#1
What does the scale length affect? I only know that guitars with longer scales are better for lower tunings. Is there anything else that is affected by the scale length?


Thanks,
#2
Longer scale length is not ''better'' for lower tunings. Simply many people prefer it for lower tunings because it allows you to keep the string tension relatively normal when tuning down.

Scale length effects the distance between each fret and the string tension. This, in turn, slightly effects the tone. Shorter scale lengths have a warmer tone with softer bass and the strings feel looser. Longer scale lengths do the opposite, obviously.
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#3
The equation for the frequency of vibration is -



For a different scale length tuned to the same frequency, we want f (the fundamental frequency) to work out the same.

Since we are increasing L (the length) and thus decreasing the 1/(2L) term, we need the T/rho term to increase to compensate.

Rho is the mass of the string per unit length - so if you use the same gauge of string, this stays constant. This means that to achieve the same fundamental frequency on a longer scale length, we need more tension.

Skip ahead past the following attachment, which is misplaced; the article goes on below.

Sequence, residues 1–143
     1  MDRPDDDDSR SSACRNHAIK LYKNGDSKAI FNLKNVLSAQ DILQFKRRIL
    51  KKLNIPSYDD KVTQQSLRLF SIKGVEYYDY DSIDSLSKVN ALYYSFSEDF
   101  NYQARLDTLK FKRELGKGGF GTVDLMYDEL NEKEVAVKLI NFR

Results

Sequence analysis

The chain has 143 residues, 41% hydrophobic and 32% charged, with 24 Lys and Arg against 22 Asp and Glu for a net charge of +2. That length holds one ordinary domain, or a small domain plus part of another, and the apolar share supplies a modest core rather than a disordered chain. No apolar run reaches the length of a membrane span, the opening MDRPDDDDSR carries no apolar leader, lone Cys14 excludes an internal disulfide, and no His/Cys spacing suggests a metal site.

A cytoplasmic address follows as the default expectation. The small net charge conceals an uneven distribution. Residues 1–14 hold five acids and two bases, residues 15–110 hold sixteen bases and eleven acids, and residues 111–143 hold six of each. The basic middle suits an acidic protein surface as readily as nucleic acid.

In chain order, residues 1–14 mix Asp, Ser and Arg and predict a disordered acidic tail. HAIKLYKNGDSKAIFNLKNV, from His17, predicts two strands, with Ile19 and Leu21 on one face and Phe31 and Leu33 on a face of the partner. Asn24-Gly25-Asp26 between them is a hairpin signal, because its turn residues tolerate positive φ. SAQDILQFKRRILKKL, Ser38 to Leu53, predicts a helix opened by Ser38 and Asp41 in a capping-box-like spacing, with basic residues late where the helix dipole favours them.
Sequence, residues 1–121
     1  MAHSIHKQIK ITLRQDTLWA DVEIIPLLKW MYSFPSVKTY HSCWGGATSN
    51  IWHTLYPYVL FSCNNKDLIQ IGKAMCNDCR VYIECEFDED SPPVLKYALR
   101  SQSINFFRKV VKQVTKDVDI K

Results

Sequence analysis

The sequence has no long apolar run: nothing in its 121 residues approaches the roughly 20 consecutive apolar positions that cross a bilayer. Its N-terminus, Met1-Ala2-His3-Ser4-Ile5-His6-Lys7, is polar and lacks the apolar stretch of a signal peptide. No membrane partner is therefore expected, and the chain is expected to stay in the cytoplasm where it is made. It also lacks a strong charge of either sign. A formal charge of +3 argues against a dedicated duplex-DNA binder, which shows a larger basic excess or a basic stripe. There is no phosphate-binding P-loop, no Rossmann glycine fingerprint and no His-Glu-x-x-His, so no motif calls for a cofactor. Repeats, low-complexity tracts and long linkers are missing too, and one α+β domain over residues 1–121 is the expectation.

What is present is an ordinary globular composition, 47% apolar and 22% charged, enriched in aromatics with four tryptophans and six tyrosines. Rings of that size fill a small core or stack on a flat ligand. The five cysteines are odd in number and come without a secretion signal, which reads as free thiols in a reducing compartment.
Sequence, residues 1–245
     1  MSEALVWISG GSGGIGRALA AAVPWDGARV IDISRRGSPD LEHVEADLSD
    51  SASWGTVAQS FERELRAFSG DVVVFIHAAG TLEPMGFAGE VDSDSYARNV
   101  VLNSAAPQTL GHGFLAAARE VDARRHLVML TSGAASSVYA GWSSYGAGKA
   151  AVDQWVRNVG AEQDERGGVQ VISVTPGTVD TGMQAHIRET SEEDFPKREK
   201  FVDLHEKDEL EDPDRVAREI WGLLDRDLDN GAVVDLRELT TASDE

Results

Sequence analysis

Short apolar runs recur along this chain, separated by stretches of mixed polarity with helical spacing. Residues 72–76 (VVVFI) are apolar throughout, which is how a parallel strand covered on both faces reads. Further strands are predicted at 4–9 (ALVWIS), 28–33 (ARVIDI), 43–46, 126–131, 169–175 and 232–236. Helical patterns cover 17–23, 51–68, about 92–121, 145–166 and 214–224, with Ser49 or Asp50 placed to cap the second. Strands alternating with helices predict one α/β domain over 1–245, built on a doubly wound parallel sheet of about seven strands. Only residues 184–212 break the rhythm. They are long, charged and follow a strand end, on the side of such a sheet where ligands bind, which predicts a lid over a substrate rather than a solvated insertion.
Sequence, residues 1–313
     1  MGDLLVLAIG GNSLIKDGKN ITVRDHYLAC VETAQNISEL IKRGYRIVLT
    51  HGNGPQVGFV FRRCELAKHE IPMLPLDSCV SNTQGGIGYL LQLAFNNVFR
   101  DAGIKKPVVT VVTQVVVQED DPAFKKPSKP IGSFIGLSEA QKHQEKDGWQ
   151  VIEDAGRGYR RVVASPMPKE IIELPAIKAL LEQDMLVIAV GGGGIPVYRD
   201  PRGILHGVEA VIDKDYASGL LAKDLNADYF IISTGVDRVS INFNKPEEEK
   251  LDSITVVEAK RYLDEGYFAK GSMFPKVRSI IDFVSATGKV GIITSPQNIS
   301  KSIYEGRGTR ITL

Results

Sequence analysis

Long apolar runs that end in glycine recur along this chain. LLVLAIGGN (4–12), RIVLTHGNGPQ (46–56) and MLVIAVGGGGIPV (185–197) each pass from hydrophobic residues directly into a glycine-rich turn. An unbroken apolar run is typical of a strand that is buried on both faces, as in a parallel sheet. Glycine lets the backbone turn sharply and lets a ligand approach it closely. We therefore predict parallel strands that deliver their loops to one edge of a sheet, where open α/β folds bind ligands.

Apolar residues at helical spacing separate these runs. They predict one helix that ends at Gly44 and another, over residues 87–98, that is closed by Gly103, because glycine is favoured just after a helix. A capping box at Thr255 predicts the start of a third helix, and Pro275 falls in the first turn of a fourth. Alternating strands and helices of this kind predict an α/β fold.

The reason that a longer scale length is usually preferred for downtuning is that a guitarist will usually want to keep the string tension the same no matter what tuning they're playing in - it's the tension that they're used to. If the tension changes, then their playing will suffer. Especially bends, since they'll either bend too far or not far enough.

So, in order to decrease f (lowering the fundamental frequency - lower tuning) but keep T fairly constant, there are two things we can do. Increase L, or increase rho. Have a longer scale length, or heavier strings.